Cultivating New Audiences

July 22, 2017

How do we, as theatre artists, cultivate new audiences so theatre doesn’t die out in the next 100 years?

Kit Goldstein Grant: First off, by doing what YouthPLAYS helps to do, and what children's theatres do—introducing young audiences and young actors to live theatre. Second, by focusing in on what makes live theatre unique instead of trying to reproduce movies onstage.

Nancy Brewka-Clark: Having young kids perform in early elementary grades is the key. I watched a nephew positively blossom after he won the role of the Lion in his fifth grade production of The Wizard of Oz. He's gone on to be a music major in college as have many of his friends.

Steven Stack: By pushing our writing limits to create new, interesting, challenging, fun pieces that also connect us all. By showing the world the ability of theatre to teach about the human experience. By getting our youth involved at all levels of theatre and providing them with a strong teaching and theatre experience that encourages a lifelong love of theatre. I would imagine that, as time goes on and technological advances push us away from one another, there will be a resurgence of the need for actual human interaction and human truth. And live theatre will play a vital part in that transition.

Nina Mansfield:We need to be open to all kinds of theater and be willing to take risks with new work. We need to create theater that is relevant to the experiences of our audience—not just the audience we have, but the audience that we hope to have. We need to create theater that is highly theatrical—that isn’t just something that can be turned into a film or a TV show.

Barbara Lindsay: Theatre will never die. Storytelling, especially as a community experience, is just too intrinsic a desire for humankind for theater ever to disappear. I believe this quite fervently. Just imagine music dying out. Couldn’t happen. Won’t happen.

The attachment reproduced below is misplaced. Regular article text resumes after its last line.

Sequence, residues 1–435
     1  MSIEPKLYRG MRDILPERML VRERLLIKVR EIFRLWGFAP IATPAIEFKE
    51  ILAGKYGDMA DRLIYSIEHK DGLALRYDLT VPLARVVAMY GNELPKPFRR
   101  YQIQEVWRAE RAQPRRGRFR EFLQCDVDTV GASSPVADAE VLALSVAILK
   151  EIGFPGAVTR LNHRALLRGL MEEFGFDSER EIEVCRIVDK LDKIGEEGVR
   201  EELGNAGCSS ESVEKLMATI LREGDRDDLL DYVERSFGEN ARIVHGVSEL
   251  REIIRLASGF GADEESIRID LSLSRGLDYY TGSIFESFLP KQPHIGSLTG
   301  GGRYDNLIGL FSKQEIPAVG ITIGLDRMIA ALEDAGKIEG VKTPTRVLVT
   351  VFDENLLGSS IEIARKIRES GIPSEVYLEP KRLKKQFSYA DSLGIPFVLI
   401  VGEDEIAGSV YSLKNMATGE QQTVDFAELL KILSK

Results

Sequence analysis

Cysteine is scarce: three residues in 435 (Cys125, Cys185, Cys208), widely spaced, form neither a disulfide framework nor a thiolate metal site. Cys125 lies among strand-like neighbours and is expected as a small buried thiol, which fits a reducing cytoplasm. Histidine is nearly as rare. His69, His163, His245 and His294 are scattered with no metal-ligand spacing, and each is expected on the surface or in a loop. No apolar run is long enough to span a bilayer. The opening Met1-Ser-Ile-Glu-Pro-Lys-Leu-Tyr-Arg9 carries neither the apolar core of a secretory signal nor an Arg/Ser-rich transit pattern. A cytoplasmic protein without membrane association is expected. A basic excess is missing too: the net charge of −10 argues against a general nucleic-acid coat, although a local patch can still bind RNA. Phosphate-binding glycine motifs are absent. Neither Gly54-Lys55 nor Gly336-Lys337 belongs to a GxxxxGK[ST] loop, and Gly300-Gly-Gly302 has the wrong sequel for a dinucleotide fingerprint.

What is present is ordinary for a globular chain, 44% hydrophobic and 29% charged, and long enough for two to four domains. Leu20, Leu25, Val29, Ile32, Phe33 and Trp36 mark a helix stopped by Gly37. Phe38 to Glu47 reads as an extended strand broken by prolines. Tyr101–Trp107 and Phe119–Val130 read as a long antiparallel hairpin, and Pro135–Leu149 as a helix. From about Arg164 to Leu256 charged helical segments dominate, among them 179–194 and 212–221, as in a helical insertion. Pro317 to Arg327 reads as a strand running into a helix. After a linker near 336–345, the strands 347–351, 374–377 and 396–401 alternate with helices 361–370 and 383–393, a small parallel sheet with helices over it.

Adam Goldberg: If theatre didn’t die in the last 50 years, it’s not going to die in the next 100, or 1000. Theatre, like soccer, is not important to many adult Americans, but as long as it’s alive in our public schools it is not going anywhere.

Tom Smith: I think there are many ways to keep audiences connected to the theatre. First, we have to find the confidence to take a risk and stop reviving work because we feel like it's important when really it's only important because we keep reviving it. We've got to nurture new playwrights and quit having them compete for one slot in a five-slot season surrounded by Shakespeare, Shaw and Rodgers and Hammerstein. We've got to quit producing plays that are set in and tell stories of New Yorkers. Theatre should connect to its own community, in addition to others. Too often theatres produce plays that are set in New York and don't really connect as personally to audiences in Middle America. We've got to allow a few more creature comforts to make the experience more welcoming: eating and drinking during the show, setting aside special sections for those who insist on using their phones during the show, etc. It seems like sacrilege but theatre history proves that there were rowdy theatre audiences who still were affected by what they saw. Finally, we've got to quit writing for "the market" and start writing for "the potential market."

Brian Armstrong: Thank you for this question. I have given this a great deal of thought, and I think the first and most difficult thing theatres will have to do is fundamentally rethink their target demographic. The lifeblood of many theatres across the nation have been the 'nostalgia' crowd, who go to the theatre because they remember the good old days, and they buy season tickets and tolerate the occasional artsy piece for the comfortable old favorites, schmaltzy musicals and down-home stories. It won't take 100 years for that crowd to dissipate. Children of the mid-50's and beyond will not have fond memories of the theatre, because they grew up with television, so nostalgia will be all gone. Theatres will not be able to get a large enough slice of the 'mainstream' crowd anymore to compete with movie theaters and home entertainment. What theatre can do is get very loyal niche crowd who can take some ownership in it. In an age where everyone is connected to wi-fi and disconnected from each other, a live show with real, visceral emotion will be a delicacy that people will flock to, but they will flock from the art galleries, college campuses, museums and arthouse film clubs.

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